He announced his intentions on a blog post. A fellow academician immediately joined Prof. Gowers’ protest, and established an online petition (at www.thecostofknowledge.com) to encourage others to boycott the publisher. As this edition of The Chronicle goes to press, approximately 12,500 academicians have joined the boycott, including around 1,000 physicians.
Things quickly snowballed. In April, Harvard University in Massachusetts, citing the US$3.5 million it spends each year on journal subscriptions, advised faculty and researchers to rise up against peer-review publishers. Harvard library director Robert Darnton explained to the Guardian newspaper: “I hope that other universities will take similar action. We all face the same paradox. We faculty do the research, write the papers, referee papers by other researchers, serve on editorial boards, all of it for free… and then we buy back the results of our labor at outrageous prices. The system is absurd, and it is inflicting terrible damage on libraries.”
Shortly thereafter, the UK’s Ministry of Universities and Science announced a radical restructuring of policies toward scholarly science publishing, with the aim of bypassing the Big Four ink-slingers, and placing all publicly funded research in “open access” online websites. Said the cabinet minister, David Willetts, “If the taxpayer has paid for this research to happen, that work shouldn’t be put behind a paywall before a British citizen can read it.”
Days following Mr. Welletts’ decree, the European Union, which is planning to spend Cdn$100 billion on a research and innovation economic stimulus program, also directed researchers to publish their findings in open access media. A EU spokesman offered his common-sense conclusion: “Taxpayers should not have to pay twice for scientific research.”
With that, observers began calling these developments the Academic Spring, likening the professorial uprising, and potential overthrow of an entrenched hierarchical order, to last year’s Arab Spring, the series of spontaneous protests that led to the ouster of the Egyptian and Libyan tyrannies. For their part, Elsevier seems determined not to end up sharing the unpleasant fate of President Hosni Mubarak, or Colonel Muammar Gaddafi. The company concedes: “While some of the facts about Elsevier are being misrepresented, the depth of feeling among some in the research community is real and something we take very seriously.”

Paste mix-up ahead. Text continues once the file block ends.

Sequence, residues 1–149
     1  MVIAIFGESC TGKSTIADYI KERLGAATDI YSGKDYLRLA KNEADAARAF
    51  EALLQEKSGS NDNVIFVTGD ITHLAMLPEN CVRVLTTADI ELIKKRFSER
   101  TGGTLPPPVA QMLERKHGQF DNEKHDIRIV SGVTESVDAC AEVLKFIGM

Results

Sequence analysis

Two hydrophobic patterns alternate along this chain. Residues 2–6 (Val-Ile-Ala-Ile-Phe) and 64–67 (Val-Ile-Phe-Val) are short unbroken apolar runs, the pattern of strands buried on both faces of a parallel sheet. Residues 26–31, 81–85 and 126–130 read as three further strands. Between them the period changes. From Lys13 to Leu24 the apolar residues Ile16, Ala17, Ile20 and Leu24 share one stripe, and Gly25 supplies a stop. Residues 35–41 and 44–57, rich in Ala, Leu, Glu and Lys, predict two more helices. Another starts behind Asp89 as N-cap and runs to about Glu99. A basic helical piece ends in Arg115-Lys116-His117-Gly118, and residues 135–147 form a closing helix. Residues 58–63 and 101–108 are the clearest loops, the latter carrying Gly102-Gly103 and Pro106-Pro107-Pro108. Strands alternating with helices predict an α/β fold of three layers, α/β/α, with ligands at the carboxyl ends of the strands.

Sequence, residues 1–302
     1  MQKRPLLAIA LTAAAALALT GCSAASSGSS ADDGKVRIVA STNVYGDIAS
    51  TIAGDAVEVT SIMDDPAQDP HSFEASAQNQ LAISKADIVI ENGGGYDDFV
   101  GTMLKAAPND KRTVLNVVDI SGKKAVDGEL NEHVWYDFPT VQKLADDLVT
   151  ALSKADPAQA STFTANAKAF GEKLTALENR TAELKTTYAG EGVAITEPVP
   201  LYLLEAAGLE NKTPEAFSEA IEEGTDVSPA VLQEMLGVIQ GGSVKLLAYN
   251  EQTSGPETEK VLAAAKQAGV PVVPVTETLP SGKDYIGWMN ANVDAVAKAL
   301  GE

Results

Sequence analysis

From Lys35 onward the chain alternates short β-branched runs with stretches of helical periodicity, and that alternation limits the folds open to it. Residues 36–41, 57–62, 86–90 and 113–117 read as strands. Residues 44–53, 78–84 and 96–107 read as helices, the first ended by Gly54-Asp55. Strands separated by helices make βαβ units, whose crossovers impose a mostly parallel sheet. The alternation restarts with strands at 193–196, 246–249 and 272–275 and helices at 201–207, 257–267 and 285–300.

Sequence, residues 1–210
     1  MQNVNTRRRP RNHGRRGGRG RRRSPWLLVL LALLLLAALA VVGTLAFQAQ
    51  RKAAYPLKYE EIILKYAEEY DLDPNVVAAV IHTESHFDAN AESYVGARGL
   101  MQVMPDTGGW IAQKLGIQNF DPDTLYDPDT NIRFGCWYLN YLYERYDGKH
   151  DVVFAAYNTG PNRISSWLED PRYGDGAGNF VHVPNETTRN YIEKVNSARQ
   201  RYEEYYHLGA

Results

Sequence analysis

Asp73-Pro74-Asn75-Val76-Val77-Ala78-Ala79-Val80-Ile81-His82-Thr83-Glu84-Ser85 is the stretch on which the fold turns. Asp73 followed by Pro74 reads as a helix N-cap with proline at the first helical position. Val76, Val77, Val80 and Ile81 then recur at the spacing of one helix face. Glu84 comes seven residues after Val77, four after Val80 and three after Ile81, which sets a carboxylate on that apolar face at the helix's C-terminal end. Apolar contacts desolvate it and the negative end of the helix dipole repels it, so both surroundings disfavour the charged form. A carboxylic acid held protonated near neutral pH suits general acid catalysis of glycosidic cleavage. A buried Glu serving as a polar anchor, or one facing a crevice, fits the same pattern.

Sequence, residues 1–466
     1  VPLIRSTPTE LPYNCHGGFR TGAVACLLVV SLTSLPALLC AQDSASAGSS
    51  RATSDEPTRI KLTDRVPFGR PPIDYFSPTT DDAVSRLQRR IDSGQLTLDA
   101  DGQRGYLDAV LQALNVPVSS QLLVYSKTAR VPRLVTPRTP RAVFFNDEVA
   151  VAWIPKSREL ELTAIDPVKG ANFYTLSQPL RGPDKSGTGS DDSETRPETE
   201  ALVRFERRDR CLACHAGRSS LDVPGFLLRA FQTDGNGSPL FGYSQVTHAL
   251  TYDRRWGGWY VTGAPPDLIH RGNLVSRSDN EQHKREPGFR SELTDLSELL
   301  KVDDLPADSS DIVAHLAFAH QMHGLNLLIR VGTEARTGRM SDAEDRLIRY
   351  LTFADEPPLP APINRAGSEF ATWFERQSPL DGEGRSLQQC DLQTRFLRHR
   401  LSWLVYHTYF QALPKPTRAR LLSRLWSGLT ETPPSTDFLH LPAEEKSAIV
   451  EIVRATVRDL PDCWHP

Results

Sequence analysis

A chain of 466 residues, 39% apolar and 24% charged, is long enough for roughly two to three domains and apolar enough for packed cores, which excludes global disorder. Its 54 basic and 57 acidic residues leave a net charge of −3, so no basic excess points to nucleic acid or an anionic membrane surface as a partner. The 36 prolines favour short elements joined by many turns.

Perhaps the peer-review publishers may find a way to adjust to the new Information Age realities. Come what may, it would be extremely short-sighted to think that the fallout won’t drift across to the pharmaceutical and biotech sector.
For this move toward open-source biomedical publishing can only serve to add impetus to the emerging movement toward open-source drug development, where intellectual property ownership of therapies may be held in the public domain. And just as institution-based researchers discovered that they no longer need the conventional publishing establishment to disseminate their knowledge, it is bound to lead some to conclude that Big Pharma, having staked out a lucrative toll-booth between brilliant ideas and their implementation, may represent one more legacy of the former economy that may be dispensed with: just another teetering domino waiting to collapse.
That depiction is wholly invalid, and must be refuted. Still, would you want to be the one tasked with getting out there, and explaining the distinctions to the pitchfork-wielding professoriate?